Your leadership style and character become defined by your core values and the respect you have for other leaders that you follow (parents, teachers, other business leaders and colleagues).  They form the root of the living company values you have built up over time as a result of experience, nurture or nature.  Over time you develop an image of self as a leader, your leadership image is a reflection of repeated behaviours, your emotional intelligence to personal change and the feedback you receive from others.


For example, if you are always honest in your dealings with others and always tell the truth, you internally identify with the values of an ‘honest person’ and externally are perceived as an ‘honest person’.   If you tend towards the creative or collaborative in your style of work, then you are likely to find the highest satisfaction in roles that suit those give an outlet for those core values, and will often feel happiest amongst others who value those traits in the workplace.  It’s as simple as that. And yet, we collectively underestimate the importance of leadership core values in business and its impact on organisational growth, development and ability to manage change.

I have read many mission statements that define a set of workplace core values that the organisation would either like to aspire to or help them market an image of how they would like to be perceived.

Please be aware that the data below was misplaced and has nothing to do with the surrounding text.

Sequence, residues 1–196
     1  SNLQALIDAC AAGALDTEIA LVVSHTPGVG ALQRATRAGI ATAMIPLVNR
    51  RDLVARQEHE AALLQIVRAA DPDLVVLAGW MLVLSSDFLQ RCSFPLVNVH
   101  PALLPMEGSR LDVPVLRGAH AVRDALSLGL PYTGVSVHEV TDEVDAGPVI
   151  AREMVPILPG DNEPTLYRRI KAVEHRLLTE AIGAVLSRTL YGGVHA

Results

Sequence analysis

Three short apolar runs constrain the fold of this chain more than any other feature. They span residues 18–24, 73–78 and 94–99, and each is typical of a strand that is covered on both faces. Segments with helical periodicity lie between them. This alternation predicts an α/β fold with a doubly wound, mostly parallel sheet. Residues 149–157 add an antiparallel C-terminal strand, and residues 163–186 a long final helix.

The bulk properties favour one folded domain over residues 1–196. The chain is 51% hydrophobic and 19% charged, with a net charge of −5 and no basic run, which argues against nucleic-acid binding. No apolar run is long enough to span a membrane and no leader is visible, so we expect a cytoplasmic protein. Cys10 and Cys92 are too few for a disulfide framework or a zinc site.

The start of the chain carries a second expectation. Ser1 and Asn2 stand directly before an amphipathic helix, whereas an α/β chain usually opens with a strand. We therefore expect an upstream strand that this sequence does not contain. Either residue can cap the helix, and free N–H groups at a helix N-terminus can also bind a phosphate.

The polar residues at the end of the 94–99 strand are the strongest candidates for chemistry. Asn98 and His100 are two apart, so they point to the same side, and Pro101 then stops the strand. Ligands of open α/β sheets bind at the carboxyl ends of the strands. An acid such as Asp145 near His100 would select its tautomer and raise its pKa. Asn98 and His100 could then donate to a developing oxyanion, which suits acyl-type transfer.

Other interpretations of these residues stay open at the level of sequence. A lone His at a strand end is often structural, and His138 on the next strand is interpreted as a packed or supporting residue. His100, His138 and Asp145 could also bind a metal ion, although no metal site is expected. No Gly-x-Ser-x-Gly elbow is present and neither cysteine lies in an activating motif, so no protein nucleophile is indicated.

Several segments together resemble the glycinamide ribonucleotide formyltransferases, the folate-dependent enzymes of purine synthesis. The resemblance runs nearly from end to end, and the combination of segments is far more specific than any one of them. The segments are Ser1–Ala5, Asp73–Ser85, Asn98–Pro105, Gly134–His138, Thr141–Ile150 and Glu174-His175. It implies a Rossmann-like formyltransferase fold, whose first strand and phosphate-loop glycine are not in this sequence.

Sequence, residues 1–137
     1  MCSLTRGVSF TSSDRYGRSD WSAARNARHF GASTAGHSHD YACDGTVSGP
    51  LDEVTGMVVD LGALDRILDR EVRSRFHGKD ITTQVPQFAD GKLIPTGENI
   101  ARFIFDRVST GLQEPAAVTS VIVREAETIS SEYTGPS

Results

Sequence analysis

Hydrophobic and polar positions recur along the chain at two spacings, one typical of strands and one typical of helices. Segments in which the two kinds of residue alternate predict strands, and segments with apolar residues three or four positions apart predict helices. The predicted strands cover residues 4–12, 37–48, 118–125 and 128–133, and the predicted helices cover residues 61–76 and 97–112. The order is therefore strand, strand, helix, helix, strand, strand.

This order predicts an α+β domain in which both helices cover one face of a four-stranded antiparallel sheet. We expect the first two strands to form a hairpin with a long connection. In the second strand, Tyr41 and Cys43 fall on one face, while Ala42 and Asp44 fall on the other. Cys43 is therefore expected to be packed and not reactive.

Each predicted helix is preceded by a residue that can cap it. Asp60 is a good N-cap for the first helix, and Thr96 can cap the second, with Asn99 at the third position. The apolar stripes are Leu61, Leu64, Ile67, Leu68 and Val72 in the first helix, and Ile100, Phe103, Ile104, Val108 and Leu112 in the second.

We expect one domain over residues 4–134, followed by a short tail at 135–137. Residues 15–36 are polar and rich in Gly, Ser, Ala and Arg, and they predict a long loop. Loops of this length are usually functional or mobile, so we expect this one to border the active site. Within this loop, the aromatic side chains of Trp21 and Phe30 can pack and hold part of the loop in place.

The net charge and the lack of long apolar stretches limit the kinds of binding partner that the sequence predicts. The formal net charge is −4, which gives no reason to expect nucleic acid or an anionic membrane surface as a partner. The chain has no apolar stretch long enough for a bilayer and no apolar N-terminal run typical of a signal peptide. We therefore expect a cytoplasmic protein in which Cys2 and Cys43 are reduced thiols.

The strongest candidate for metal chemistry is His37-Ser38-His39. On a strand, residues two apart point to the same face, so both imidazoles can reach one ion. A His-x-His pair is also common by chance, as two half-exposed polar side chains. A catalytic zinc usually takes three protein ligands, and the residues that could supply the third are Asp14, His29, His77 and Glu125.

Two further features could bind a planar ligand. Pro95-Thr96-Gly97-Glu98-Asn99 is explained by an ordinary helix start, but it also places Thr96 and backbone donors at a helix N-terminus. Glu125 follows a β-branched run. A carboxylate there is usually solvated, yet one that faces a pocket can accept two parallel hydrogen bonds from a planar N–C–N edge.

Leadership core values are often internally than externally within organisations

The truth is that the organisational and leadership values displayed collectively as Value Statements or by individual leaders will often have a bigger impact on the inner workplace environment than on the external views of customers and stakeholders.  Only when they are demonstrated internally will they leak out into the outside world of the customer or client.  Whether they are written down or hidden away internally within the psyche of the workforce they define us and the organisations we work for, and ultimately form the foundation of a company’s character and how it interacts with society and the environment.

Thus, it makes sense that if you are willing to invest so much in your life, work, progression or in the creation of your own business, your leadership core values should be at the centre of your business life.